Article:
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posted on 08.02.2022, 04:19 by Cheng-Long Han, Guang-Xiao Meng, Zi-Niu Ding, Zhao-Ru Dong, Zhi-Qiang Chen, Jian-Guo Hong, Lun-Jie Yan, Hui Liu, Bao-Wen Tian, Long-Shan Yang, Jun-Shuai Xue, Tao Li
Background

The relationship between baseline C-reactive protein (CRP) level and the prognosis of cancer patients receiving immune checkpoint inhibitor (ICI) treatment remains controversial. The aim of this meta-analysis was to clarify whether baseline CRP level can serve as a biomarker to predict the efficiency of ICI therapy.

Methods

All associated articles published in the Cochrane Library, EMBASE, and PubMed databases from the inception of the database to December 30, 2021, were retrieved. Progression-free survival (PFS) and overall survival (OS) outcomes were meta-analyzed using the random-effects model and adjusted using the trim-and-fill method because of publication bias.

Results

Thirty-three studies (6,124 patients) conducted between 2013 and 2021 were identified. The pooled outcomes implied that high baseline CRP level patients had significantly worse OS (adjusted pooled value for univariate and multivariate analysis outcomes: HR = 1.48, 95% CI = 1.41–1.56; HR = 1.46, 95% CI = 1.34–1.59) and PFS (adjusted pooled value for univariate and multivariate analysis outcomes: HR = 1.29, 95% CI = 1.15–1.45; HR = 1.20, 95% CI = 1.02–1.40) than low baseline CRP level patients, irrespective of cancer or ICI type. Further analysis indicated that 1 mg/dl was appropriate as a cutoff value for determining the low or high level of baseline CRP to predict the OS or PFS of cancer patients receiving ICI treatment (univariate analysis: HR = 1.56, 95% CI = 1.24–1.97, P = 0.909; multivariate analysis: HR = 1.58, 95% CI = 1.23–2.03, P = 0.521).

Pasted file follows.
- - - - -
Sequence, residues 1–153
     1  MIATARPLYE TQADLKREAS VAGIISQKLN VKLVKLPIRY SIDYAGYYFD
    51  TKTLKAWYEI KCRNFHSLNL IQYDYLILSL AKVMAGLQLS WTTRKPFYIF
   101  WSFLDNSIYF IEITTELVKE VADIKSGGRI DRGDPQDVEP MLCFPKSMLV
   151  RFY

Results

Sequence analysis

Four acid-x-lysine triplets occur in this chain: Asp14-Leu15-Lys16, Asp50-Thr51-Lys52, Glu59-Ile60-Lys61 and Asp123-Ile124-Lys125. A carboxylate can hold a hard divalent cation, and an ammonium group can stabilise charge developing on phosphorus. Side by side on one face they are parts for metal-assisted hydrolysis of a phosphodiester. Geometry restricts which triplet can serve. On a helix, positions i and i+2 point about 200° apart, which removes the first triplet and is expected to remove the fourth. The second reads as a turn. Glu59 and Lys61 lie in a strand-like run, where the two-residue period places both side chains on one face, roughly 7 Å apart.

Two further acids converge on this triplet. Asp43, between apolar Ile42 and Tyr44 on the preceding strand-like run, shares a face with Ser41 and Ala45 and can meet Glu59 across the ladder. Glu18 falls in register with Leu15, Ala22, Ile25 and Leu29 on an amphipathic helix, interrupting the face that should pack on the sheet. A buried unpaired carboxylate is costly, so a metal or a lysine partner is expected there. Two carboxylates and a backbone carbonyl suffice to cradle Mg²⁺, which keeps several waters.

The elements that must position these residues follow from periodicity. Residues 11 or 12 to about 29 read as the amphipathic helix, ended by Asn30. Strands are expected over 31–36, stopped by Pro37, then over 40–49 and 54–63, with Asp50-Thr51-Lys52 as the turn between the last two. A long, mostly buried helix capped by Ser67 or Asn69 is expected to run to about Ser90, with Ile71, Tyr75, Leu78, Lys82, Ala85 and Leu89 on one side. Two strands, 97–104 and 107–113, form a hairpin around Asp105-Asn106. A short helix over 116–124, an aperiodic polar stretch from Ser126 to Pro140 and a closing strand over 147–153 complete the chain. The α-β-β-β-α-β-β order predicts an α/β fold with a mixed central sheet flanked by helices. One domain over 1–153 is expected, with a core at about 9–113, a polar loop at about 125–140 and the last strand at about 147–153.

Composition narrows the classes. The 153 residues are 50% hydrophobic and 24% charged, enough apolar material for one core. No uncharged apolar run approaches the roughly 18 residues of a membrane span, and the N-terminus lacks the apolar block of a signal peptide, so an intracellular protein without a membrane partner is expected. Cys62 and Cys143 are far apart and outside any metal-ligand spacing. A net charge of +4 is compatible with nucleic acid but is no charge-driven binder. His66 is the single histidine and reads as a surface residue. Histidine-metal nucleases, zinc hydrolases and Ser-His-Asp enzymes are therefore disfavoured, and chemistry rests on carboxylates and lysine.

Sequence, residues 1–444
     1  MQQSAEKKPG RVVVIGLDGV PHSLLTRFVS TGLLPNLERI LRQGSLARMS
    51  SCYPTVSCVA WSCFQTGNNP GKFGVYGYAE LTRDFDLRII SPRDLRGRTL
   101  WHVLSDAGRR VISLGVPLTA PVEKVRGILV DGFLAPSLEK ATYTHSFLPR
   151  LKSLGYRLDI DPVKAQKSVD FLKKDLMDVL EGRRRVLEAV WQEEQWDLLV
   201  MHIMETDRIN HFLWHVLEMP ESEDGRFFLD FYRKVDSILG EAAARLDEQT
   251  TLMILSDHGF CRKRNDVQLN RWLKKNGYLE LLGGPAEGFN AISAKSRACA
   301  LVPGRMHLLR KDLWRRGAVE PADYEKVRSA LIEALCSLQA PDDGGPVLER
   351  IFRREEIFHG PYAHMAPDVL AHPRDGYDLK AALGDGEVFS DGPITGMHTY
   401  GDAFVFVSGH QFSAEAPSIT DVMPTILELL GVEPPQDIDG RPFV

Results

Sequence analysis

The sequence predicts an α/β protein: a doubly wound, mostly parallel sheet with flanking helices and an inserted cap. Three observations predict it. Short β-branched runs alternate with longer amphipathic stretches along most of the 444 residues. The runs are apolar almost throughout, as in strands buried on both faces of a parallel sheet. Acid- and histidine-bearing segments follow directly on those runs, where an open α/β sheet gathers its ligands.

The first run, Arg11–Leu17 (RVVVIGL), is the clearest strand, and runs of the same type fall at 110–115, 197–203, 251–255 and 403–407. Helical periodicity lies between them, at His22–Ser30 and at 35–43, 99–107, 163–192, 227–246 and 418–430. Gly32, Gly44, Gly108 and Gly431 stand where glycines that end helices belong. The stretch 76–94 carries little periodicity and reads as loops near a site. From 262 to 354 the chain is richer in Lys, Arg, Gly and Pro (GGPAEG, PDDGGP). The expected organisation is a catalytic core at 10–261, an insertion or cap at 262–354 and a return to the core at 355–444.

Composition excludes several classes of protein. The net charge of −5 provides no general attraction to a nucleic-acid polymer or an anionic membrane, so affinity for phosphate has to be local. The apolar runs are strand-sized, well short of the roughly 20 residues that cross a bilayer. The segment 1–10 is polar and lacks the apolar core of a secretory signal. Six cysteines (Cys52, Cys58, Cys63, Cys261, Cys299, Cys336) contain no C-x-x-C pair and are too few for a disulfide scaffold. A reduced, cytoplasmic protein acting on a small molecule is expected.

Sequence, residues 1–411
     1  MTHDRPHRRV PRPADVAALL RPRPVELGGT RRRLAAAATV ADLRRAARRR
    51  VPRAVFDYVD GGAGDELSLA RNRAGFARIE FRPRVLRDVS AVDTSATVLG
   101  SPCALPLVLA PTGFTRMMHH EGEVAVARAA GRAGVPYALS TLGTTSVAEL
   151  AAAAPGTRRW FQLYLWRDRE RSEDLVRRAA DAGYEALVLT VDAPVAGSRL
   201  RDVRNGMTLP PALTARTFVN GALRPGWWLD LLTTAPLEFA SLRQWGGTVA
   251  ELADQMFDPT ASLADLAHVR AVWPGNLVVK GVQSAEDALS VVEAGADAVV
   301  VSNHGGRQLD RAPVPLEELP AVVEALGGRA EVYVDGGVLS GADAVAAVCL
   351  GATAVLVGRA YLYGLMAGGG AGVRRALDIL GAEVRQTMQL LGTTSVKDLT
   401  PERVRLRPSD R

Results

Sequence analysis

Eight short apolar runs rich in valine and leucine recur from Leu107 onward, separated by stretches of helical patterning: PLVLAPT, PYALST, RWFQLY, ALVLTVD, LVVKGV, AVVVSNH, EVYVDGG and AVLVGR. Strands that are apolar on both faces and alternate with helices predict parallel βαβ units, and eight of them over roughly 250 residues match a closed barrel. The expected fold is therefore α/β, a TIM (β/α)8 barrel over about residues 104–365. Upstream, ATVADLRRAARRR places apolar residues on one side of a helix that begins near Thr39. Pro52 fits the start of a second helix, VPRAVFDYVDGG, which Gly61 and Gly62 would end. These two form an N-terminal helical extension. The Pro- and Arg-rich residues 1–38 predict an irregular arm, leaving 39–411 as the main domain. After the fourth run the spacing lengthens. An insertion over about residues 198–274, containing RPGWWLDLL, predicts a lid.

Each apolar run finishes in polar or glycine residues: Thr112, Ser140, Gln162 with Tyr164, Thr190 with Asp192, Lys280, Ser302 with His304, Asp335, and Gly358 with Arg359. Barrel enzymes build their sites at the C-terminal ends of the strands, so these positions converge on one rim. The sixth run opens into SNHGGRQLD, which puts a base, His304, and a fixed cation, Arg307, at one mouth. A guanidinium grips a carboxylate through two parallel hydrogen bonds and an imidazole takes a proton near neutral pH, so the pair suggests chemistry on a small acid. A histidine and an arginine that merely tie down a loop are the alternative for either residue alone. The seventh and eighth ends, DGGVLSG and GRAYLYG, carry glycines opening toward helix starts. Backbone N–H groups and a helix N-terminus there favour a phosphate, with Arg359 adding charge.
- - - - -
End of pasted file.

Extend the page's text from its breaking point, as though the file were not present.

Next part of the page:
Conclusions

High baseline CRP level (>1 mg/dl) may be an indicator for worse OS and PFS of cancer patients treated with ICIs. More high-quality prospective studies are warranted to assess the predictive value of CRP for ICI treatment.

History

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